“I’ve had enough! I can’t take it anymore! You love that stupid computer more than you love me!” Jonathan’s wife is heartbroken. It is the umpteenth time she has seen him spending time his time online, reading the news online, playing online games, and catching up on all the latest on ESPN. In between his copious amounts of cyber activity, Jonathan manages to hold down a job that he never found fulfilling. Unfortunately, he "never had the time" to find a job that actually suited his abilities. How does he even manage to hold down a job with all the time that he spends glued to his phone and computer screen? Well the first things to go were all the activities that John liked to do in his free time – playing guitar and sports hanging out with friends and going to Synagogue. The next thing to go was his sleep. After that, his relationship with his wife and kids deteriorated – they were just distractions from his internet life anyway. Jonathan didn’t start out as a cruel and thoughtless person who didn’t care about his wife and kids, but the more time he spent online, the more he craved it. He began to fantasize about chatting online, even when he was spending time with his kids. He couldn’t stop it even when he tried. He felt guilty and ashamed and he vowed that he would stop! And he did – for a week. But then he figured he would go online for a just a few minutes to check on his fantasy football team. The minutes turned into hours and somehow the football turned into chatrooms. This happened time and again. No matter what Jonathan tried he could not stop. Jonathan is the quintessential prototype of an internet addict.
The phone call came from a rabbi friend of mine.
“Joe is dead, and they believe it was a suicide.”
My reaction was typical for my personality. I asked the rabbi some basic questions, expressed my sympathies without becoming overly emotional, and then I obsessed.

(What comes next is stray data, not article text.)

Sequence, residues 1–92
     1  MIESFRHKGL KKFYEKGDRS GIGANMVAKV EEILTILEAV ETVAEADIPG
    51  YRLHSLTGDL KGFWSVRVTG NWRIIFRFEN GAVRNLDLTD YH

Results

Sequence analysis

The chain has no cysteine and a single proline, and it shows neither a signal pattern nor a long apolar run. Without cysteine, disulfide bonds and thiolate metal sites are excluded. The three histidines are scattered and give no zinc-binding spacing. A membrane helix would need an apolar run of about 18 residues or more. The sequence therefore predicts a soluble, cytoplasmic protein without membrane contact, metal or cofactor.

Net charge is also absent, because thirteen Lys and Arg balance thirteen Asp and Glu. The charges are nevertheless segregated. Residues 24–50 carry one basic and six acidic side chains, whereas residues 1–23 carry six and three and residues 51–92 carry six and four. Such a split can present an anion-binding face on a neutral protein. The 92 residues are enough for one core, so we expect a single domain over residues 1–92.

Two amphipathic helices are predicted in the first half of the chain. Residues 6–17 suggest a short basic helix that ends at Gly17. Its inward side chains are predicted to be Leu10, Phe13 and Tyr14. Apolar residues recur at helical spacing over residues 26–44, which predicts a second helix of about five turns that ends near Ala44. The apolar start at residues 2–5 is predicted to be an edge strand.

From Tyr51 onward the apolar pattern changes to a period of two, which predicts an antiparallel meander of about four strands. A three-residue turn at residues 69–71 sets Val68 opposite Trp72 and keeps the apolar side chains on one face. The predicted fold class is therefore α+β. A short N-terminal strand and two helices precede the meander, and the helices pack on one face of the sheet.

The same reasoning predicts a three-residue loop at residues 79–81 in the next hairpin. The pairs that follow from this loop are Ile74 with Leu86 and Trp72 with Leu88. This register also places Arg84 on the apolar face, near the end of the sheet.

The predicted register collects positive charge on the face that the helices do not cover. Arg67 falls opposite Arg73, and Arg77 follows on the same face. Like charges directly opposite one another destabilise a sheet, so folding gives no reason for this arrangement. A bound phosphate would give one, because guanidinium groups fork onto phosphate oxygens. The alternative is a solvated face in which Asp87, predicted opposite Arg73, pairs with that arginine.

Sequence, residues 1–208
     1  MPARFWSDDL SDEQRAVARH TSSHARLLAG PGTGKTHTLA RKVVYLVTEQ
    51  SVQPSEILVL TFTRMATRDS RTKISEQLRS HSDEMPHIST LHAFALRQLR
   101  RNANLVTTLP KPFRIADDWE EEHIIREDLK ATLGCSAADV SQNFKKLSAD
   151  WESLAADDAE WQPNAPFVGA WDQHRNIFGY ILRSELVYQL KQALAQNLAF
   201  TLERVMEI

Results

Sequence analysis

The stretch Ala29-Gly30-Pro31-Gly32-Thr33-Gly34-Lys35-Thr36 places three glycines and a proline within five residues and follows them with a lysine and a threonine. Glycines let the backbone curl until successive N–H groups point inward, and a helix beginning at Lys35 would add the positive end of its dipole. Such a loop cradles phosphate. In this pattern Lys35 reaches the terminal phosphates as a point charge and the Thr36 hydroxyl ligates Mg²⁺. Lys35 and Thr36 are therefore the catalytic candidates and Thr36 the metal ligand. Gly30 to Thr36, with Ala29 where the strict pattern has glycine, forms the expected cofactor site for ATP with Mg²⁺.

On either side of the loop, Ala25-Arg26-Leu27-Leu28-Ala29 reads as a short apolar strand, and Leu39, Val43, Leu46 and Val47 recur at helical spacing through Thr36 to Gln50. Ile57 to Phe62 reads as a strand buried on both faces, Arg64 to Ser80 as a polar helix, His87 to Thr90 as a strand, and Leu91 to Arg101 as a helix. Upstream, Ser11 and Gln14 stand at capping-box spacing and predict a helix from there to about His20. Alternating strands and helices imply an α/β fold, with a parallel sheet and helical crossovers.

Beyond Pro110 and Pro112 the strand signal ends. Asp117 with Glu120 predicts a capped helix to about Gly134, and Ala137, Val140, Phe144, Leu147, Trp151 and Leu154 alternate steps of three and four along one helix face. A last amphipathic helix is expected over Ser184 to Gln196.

Joe had been a client of mine for close to a year. It all began with some testing required by Joe’s school because he was having difficulty, both academically and socially. The testing revealed that Joe possessed superior intelligence, but he also had a strong tendency to misread social cues. This led to social alienation and feelings of inferiority. Joe was becoming more and more reserved, which concerned his parents to the point of referring him for therapy. His interests had become narrower, and he seemed to take very little pleasure in activities that he once enjoyed. His siblings and friends had also noticed the change, but were too afraid or ambivalent to get involved.
One of the challenges active people face is trying to find activities that everyone in the family can enjoy. Too often, a spouse, parent, or child can be supportive of the active person in their life making time to pursue the fitness activity they especially enjoy, but without finding a common joy in it. I know that I personally have that struggle, so I’d like to share three tips for finding a fitness activity you can enjoy together.
If you’re like me, you’re probably feeling that perhaps the world at large and even your own world is unbalanced at the moment. Perhaps, like me, you find it is easy to feel a lost sense of equilibrium and balance. These feelings can be unsettling, and the body absorbs the effects of a constant state of flux.
How can one find balance when extremes become the norm? When our emotions and perspectives are constantly under assault by those who are not in agreement with us; when all the rules we knew, or thought were correct, seem no longer applicable by those who want to impose new rules–– it can be difficult to feel a sense of calm. Trying to keep up with information in a world that seems to be moving faster and functioning with less patience and more anger can be disconcerting.